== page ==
Guest Opinion: New rule could offer useful information for Supreme Court elections

Published 6:58 am Tuesday, January 25, 2022

By Mitch Kokai, Carolina Journal

It’s not easy to find helpful information about N.C. Supreme Court justices running for re-election. But a new court rule might offer additional insights that can help voters heading to the polls.

Many voters will look no further than the R or D after a candidate’s name on the election ballot. But those who hold no core allegiance to either party face a tougher choice.

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They can seek out an incumbent justice’s written opinions. They can search for clues from votes the justice has taken in other cases. They can scour campaign websites for generalities about a justice’s legal philosophy.

Each of those sources of information can prove useful. Now we can add another item to the list: official statements the justice issues when one party in a case asks him to step aside.

Those statements will be based on a new court order, issued just before Christmas. It establishes new rules dealing with judicial recusal.

For more than two centuries, little information emerged from the court about a justice’s decision to take part in or avoid a particular case. A decision to step away from a case, also known as “recusal,” remained with the justice himself. He faced no obligation to explain his choice.

Under terms of the new order, the individual justice maintains the ultimate decision-making authority. But he also can turn the decision over to his colleagues for a vote. If a party in a case asks for his recusal, the court must announce whether the justice acted unilaterally or called on colleagues when making the decision.

We’ve already seen the impact of the new rule. On Jan. 7, the court’s two newest justices, Republicans Tamara Barringer and Phil Berger Jr., issued separate orders. Both explained why they were rejecting requests that they step away from a high-profile case dealing with two state constitutional amendments. One amendment guarantees voter ID for elections. The other lowers the state’s income tax cap.

The recusal rule says only that the court must announce whether Barringer and Berger made the decisions themselves or left the decisions to a vote among colleagues. But both justices used their orders to explain why they decided to hear the amendments case.

Barringer had been challenged because she served as a state senator when the General Assembly voted to place the targeted constitutional amendments on the N.C. ballot in 2018. In her response, she noted that more than half of her predecessors as Supreme Court justices had prior service in the legislature. None had decided categorically to avoid dealing with cases involving legislation they had considered.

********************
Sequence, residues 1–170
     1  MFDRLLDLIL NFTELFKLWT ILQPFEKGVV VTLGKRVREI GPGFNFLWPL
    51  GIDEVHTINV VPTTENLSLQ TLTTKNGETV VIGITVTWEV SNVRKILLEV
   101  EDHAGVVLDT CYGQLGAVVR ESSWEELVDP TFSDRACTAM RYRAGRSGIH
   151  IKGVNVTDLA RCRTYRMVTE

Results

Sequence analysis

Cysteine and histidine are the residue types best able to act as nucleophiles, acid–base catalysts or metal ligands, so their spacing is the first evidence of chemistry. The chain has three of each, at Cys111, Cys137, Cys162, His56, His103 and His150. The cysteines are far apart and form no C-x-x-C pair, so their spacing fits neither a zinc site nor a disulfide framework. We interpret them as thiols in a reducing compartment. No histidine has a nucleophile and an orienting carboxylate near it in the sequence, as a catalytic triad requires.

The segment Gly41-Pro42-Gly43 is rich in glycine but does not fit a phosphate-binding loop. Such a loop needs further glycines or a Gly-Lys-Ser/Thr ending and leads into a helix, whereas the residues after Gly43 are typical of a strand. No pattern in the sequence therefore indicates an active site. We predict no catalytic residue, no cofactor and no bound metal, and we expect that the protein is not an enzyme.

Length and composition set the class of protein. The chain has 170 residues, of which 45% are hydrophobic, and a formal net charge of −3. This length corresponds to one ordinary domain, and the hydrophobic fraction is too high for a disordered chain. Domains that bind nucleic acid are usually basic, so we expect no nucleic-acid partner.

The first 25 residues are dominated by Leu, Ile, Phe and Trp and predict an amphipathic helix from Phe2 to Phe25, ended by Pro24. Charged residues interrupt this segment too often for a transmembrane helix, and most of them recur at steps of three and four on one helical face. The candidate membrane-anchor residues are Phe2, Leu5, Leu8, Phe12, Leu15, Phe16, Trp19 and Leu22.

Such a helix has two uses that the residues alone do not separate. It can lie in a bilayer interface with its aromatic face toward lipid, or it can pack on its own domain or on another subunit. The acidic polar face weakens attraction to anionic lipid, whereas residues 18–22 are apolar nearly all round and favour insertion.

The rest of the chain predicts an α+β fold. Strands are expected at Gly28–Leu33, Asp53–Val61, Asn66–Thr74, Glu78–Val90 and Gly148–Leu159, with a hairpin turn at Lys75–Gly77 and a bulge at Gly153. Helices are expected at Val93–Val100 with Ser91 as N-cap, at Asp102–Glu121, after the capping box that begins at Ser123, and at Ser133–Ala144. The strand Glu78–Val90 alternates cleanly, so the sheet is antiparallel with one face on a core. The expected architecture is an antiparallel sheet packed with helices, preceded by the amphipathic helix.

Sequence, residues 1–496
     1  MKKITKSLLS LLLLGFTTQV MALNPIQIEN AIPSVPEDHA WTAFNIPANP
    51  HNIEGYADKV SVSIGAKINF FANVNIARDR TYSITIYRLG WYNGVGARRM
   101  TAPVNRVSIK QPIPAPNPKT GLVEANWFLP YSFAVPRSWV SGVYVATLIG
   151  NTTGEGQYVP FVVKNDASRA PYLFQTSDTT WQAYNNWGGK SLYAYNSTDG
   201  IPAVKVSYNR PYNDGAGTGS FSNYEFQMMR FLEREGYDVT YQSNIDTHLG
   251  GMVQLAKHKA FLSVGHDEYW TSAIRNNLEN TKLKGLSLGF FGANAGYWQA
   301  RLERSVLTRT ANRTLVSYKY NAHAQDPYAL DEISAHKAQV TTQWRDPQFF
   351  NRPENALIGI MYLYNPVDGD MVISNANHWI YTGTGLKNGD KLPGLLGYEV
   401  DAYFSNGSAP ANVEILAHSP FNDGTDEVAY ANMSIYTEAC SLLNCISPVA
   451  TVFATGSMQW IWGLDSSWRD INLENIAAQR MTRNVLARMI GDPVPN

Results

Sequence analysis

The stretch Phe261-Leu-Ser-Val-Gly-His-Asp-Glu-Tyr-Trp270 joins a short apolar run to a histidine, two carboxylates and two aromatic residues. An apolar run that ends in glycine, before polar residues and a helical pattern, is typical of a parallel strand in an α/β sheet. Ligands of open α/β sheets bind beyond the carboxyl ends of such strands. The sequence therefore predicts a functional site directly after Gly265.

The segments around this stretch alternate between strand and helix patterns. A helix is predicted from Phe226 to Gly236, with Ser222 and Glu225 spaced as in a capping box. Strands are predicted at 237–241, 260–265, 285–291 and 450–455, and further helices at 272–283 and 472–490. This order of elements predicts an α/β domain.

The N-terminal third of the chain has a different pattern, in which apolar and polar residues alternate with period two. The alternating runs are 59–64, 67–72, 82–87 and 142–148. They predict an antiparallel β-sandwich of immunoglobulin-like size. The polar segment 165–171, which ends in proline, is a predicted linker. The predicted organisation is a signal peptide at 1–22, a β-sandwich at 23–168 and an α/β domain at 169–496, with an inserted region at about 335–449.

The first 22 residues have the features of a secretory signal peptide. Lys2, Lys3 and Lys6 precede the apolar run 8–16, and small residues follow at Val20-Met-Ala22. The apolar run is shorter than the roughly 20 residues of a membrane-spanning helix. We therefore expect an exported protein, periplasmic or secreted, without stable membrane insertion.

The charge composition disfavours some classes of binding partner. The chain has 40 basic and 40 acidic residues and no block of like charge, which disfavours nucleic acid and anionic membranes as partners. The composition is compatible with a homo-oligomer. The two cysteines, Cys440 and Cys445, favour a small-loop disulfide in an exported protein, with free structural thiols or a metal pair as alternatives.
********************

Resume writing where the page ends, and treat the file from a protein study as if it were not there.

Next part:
Meanwhile, critics sought Berger’s recusal because his father leads the state Senate. In that role, Sen. Berger is a named defendant in the amendments case. Berger the justice explained in his order why he is not backing away from the dispute.

“This Court has repeatedly held that ‘[a] suit against a public official in his official capacity is a suit against the State,’” Berger Jr. wrote. “With this straightforward precedent, a reasonable person would understand that a suit against a government official in his or her official capacity is not a suit against the individual.”

Voters elected Barringer and Berger in 2020. Neither faces re-election until 2028. But one suspects that both could have recurring opportunities over the next six years to address recusal requests.

Of more immediate interest to N.C. voters is the case of Democrat Justice Sam “Jimmy” Ervin IV. His seat is one of two up for grabs this year. He is the only incumbent seeking re-election.

Legislative defendants in a lawsuit challenging N.C. election maps have asked for Ervin’s recusal. They argue that any decision Ervin makes about candidate filing or election dates could have an impact on his own race.

They cite precedents from 2006 and 2016. One involved a Democratic justice; the other featured a Republican. Both recused themselves from election-related suits that could have affected their own bids for office.

An Ervin recusal could leave the high court with a 3-3 partisan split when making a decision about the highly political issue of electoral redistricting. If the remaining justices deadlock with a party-line vote, a lower court ruling upholding the maps would stand. The Supreme Court would set no new redistricting precedent.

On the other hand, if Ervin sticks with the case and justices split along party lines, he would end up casting the deciding vote. The ruling undoubtedly would generate criticism about partisan bias.

It’s a tough choice for Ervin. But it’s a choice that could prompt him to reveal more information to the public. If he follows Barringer and Berger’s lead in the amendments case, we could learn more about why Ervin will or will not consider the redistricting dispute.

That’s information that could help voters heading to the ballot box later this year.

Mitch Kokai is senior political analyst for the John Locke Foundation.

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